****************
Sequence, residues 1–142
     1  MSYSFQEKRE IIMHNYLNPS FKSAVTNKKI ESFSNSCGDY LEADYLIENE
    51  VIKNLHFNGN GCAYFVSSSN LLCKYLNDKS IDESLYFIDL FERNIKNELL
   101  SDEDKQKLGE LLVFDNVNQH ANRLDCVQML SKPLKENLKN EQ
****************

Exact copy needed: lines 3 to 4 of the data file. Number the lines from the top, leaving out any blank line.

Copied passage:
    51  VIKNLHFNGN GCAYFVSSSN LLCKYLNDKS IDESLYFIDL FERNIKNELL
   101  SDEDKQKLGE LLVFDNVNQH ANRLDCVQML SKPLKENLKN EQ